• The growth in cellular connectivity is impelling service providers to seek more bandwidth to allow users to download whatever files—including streaming video—they wish onto their handheld devices. However, this push for more bandwidth may run afoul of efforts to build the Internet of Things, which also will require portions of the spectrum to link diverse hardware.
     The growth in cellular connectivity is impelling service providers to seek more bandwidth to allow users to download whatever files—including streaming video—they wish onto their handheld devices. However, this push for more bandwidth may run afoul of efforts to build the Internet of Things, which also will require portions of the spectrum to link diverse hardware.

Spectrum Competition Increases in Frequency

September 1, 2015
By Robert K. Ackerman
E-mail About the Author

Commercial advances are fueling a race to new gigahertz.

Technology developers and commercial service providers are racing to exploit elements of the radio frequency spectrum with advances that could be at odds with each other. Increased consumer demand for wireless services is driving providers to develop new capabilities for their systems, and the emerging Internet of Things has hardware firms vying for standard-setting technologies that would define the marketplace for future generations.

The battleground for this competition is spectrum, where firms are maneuvering literally in the gigahertz high ground. Governments in the United States and abroad are working to establish ground rules for new capabilities that use advanced approaches to spectrum allocation. And the U.S. military cautiously is eyeing these developments because of concerns that its own bandwidth might be tapped further for commercial expansion.

The demand for spectrum has grown significantly in recent years. Younger generations in particular use their smartphones to control their lives, eating up bandwidth with favorites such as streaming video. That usage is likely to continue to grow substantially in the foreseeable future, experts offer.

The use of Wi-Fi is one of the drivers, as consumers increasingly want to download virtually any kind of file onto their handheld units wherever they go. But the next generation of cellular connectivity, known as LTE-U—short for LTE Unlicensed—would exploit segments of unlicensed spectrum to offload broadband demand.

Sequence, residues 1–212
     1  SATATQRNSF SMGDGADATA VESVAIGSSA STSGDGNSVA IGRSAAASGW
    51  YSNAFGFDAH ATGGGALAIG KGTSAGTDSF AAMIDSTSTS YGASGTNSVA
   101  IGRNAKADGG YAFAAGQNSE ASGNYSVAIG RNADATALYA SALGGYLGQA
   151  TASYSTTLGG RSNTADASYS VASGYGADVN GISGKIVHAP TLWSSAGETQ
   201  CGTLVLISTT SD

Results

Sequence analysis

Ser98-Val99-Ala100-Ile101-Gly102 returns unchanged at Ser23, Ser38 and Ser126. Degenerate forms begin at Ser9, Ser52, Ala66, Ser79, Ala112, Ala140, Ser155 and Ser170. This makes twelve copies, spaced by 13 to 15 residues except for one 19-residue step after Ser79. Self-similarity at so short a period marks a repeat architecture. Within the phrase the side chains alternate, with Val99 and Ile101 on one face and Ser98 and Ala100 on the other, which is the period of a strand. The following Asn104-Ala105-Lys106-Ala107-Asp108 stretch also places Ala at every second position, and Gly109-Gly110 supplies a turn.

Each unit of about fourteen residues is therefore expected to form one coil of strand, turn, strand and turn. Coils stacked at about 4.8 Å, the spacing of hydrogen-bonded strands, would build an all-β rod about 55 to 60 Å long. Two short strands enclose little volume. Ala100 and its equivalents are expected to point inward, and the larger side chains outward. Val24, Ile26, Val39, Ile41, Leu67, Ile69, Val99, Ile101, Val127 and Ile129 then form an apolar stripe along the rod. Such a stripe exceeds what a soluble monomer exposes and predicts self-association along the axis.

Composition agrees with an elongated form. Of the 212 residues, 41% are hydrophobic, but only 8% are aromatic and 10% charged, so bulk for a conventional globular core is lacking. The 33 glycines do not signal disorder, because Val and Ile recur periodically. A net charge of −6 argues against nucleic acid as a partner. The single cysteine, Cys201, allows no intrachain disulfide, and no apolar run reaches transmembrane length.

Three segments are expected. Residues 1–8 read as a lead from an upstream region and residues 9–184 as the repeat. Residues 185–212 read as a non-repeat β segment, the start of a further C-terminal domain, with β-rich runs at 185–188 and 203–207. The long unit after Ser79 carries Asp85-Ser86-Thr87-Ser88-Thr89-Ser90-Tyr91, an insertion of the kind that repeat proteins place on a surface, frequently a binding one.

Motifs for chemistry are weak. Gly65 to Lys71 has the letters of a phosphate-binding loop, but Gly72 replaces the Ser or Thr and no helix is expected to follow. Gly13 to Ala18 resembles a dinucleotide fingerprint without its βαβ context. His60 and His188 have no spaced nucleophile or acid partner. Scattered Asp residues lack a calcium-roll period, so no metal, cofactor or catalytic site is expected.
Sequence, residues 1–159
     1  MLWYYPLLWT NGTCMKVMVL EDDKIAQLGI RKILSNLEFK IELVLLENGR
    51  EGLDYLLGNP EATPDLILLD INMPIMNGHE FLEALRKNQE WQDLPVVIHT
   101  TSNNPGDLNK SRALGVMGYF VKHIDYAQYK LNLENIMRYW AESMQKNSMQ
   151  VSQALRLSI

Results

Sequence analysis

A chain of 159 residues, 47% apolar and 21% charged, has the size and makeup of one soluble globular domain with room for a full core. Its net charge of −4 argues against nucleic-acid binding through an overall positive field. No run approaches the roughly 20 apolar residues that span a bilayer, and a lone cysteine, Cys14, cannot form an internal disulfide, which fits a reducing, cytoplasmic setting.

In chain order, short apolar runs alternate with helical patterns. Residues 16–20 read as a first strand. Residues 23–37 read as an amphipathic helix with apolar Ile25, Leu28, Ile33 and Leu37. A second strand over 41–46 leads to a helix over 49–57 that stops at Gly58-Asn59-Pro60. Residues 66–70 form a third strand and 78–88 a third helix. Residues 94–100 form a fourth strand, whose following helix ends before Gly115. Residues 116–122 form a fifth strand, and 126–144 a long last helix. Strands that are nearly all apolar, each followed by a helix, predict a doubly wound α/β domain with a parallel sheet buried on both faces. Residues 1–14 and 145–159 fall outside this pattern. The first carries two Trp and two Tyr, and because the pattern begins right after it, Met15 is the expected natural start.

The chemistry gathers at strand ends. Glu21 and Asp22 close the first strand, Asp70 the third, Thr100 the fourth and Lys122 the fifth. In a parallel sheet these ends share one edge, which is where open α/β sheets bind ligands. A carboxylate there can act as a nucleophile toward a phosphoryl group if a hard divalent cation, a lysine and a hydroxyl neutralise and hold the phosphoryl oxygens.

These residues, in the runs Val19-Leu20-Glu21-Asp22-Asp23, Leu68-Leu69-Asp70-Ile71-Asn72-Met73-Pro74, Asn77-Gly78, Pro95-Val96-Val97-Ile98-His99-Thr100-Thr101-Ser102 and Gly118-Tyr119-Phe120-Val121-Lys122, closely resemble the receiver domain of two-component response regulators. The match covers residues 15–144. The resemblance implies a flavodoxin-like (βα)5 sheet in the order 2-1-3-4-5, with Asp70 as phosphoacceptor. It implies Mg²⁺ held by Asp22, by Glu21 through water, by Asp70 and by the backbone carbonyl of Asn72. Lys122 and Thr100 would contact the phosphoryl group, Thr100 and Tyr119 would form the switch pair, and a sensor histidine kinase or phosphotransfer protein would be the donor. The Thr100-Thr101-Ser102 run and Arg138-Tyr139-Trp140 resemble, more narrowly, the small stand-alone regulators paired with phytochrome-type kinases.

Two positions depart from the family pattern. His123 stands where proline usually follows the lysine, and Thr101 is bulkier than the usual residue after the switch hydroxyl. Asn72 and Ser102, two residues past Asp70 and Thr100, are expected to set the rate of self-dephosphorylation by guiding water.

The Federal Communications Commission (FCC) has opened up the 3.5 gigahertz (GHz) and 5 GHz bands for Wi-Fi use, and technology giants such as Google and Microsoft have been among the leaders working to open up that spectrum. However, some cellular carriers want to use that same spectrum for versions of LTE-U. Europe and other parts of the world already have adopted this level of technology, also known as Licensed-Assisted Access (LAA).

The FCC is determining which standards could use LTE-U and how it would work alongside Wi-Fi, says Laura Stefani, an attorney with Fletcher, Heald and Hildreth, a telecommunications law firm. The commission has been examining the interaction between LTE-U and Wi-Fi.

Some forms of LTE-U use an approach known as listen before talk (LBT), or listen before transmit. With this technique, a device listens to an available band, finds an open channel and then uses that to communicate. The FCC is considering whether to establish government standards or requirements for mandatory LBT use or to allow industry to establish the standards and let the market decide. Ultimately, the government may push for a single LTE-U standard that employs an LBT technique permitting it to work alongside Wi-Fi, Stefani suggests.

Wi-Fi firms are concerned that carriers will begin embedding LTE-U chips into their handheld devices, which then would dominate the bandwidth of the unlicensed bands and crowd out Wi-Fi. Because the bandwidth is unlicensed, specific allocations have not been made.

Wi-Fi-dependent technology firms such as Apple, Google, Microsoft and Amazon all are expecting the Internet of Things (IoT) to spur major market growth. Stefani notes that these companies are working on devices to provide connectivity throughout the home, and this may lead to a tenfold or even a twentyfold increase in local area networking. For the IoT to work, it will need a uniform operating system to control all the different devices that constitute the local area network. Consumers ultimately may determine which control device they adopt from which company. Stefani believes that industry does not want government involved in those decisions; businesses prefer to develop their own technologies through industry groups.

The FCC is not specifically addressing IoT spectrum demands, but it is taking steps that affect the development of the IoT. One step is an incentive auction for the 600 megahertz (MHz) bandwidth. When commercial television broadcasters shifted to digital transmission, congressional legislation encouraged them to make available their analog broadcast frequencies to wireless carriers. A large number of notices of proposed rule-making (NPRMs) and decisions are before the FCC to move the incentive auction forward. The same legislation offered that certain portions of the spectrum could be made available for unlicensed use, Stefani relates, so some channels almost certainly will be set aside.